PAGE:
Under each pose, on the Dao-yin diagram (Tu), was a caption with the name of an animal exercise or the name of the disease that the posture might help cure. Making beneficial exercises interesting and enjoyable has always been a challenge to creative people.
A number of the postures depicted in the Dao-yin Tu closely resemble some postures in the Eight Section Brocade Chi Kung (The Wonders of Qigong, 1985, pp. Hua T'o (110-207 CE) is one of the most famous physicians of the Han Dynasty.
Let us now review some of that historical development, in chronological order.
A gentle sweat will exude, the complexion will become rosy; the body will feel light and you will want to eat." - From: Drawing Silk: A Training Manual for T'ai Chi, p. One tradition is that the Buddhist teacher, Bodhidharma (448-527 CE), a famous Grand Master of Chan (Zen), introduced a set of 18 exercises to the Buddhist monks at the Shaolin Temple.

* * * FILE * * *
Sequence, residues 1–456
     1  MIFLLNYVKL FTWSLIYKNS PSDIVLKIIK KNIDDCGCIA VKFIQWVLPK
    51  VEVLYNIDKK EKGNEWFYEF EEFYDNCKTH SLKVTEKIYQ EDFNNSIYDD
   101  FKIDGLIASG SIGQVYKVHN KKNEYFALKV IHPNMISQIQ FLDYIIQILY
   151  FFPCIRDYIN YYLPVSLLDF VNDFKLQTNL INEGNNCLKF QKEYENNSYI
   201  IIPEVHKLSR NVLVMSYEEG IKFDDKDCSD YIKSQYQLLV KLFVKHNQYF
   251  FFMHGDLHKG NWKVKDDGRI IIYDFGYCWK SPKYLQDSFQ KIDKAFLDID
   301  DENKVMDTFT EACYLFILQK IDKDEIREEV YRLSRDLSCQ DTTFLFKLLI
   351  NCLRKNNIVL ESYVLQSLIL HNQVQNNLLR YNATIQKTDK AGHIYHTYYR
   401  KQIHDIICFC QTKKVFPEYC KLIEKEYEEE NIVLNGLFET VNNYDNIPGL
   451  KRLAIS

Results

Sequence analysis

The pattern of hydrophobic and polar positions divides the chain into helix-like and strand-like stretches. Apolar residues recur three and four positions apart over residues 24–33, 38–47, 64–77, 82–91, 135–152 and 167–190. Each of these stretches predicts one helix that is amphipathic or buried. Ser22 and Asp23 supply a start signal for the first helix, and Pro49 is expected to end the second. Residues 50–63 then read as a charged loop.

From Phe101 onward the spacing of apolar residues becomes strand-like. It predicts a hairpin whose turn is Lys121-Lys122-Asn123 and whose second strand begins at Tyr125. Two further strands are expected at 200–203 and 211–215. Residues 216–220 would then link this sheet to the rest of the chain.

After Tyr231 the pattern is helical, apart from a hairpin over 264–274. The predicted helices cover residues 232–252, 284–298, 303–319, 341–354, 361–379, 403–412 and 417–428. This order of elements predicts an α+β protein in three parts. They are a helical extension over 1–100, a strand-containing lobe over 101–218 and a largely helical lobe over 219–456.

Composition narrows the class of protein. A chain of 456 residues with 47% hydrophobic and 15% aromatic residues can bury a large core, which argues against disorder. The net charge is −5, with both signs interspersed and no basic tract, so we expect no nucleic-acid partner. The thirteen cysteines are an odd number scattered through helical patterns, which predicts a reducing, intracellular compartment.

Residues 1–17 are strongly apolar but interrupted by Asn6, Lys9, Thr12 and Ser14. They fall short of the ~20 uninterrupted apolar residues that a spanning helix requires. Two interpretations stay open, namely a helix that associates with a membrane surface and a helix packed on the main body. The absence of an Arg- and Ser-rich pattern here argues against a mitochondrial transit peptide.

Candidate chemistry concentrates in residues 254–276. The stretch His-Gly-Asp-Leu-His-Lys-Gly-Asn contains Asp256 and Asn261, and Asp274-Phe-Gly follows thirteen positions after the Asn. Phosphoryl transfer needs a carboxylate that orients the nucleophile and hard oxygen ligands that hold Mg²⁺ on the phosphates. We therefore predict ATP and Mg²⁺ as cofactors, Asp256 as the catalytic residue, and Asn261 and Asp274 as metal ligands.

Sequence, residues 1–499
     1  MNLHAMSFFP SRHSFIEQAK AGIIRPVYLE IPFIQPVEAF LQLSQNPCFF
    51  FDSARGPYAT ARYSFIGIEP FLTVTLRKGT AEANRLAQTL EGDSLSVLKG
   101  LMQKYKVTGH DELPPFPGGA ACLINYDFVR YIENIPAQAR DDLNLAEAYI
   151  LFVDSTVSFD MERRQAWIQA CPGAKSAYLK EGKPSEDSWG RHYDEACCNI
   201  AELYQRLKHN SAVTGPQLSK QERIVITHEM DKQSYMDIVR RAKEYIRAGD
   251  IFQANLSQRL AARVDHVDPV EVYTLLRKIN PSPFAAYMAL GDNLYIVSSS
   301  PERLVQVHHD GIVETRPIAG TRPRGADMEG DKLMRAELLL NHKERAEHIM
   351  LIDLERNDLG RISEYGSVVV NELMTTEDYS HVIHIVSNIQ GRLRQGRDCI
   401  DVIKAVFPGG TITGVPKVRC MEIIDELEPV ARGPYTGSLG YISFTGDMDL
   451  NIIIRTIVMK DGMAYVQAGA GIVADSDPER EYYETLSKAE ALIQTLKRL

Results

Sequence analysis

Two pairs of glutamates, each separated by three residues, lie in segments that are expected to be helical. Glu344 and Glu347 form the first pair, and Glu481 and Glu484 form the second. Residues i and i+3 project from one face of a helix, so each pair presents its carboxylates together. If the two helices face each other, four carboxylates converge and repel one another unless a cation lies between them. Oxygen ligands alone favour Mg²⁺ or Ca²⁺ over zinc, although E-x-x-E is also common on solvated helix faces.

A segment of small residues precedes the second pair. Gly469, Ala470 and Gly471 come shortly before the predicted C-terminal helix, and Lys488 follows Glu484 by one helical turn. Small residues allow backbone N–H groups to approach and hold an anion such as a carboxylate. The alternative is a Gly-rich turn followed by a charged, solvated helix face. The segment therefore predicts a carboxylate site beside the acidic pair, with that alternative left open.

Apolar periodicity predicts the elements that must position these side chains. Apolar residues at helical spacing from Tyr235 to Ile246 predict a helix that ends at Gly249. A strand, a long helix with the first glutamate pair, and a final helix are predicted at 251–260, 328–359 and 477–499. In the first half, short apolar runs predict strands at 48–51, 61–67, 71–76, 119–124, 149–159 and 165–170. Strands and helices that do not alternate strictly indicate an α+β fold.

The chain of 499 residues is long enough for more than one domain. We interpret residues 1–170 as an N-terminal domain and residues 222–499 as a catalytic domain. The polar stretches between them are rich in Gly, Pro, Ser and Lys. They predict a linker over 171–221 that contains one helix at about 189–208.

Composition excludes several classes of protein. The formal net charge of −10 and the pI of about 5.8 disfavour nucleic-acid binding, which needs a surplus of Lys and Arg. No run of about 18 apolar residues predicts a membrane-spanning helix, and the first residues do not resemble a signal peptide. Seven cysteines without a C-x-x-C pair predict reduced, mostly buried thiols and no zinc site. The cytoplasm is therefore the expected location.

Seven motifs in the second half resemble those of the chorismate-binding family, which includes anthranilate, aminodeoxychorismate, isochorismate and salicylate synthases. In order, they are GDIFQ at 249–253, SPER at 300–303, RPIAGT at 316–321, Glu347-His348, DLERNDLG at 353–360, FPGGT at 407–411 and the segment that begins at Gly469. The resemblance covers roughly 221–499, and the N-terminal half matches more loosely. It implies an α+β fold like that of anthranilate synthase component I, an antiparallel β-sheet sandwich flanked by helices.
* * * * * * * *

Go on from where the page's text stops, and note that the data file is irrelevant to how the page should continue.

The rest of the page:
These are known as the "Eighteen Hands of the Lohan." This Shaolin Lohan Qigong (i.e., the art of the breath of the enlightened ones) "is an internal set of exercises for cultivating the "three treasures" of qi (vital energy), jing (essence), and shen (spirit)," according to Howard Choy.
Seeking ways to enjoy a long, healthy, energetic, ethical and enchanted life are, of course, of widespread and perennial interest.
Interesting theories abound about the origin and development of the Eight Section Brocade Chi Kung.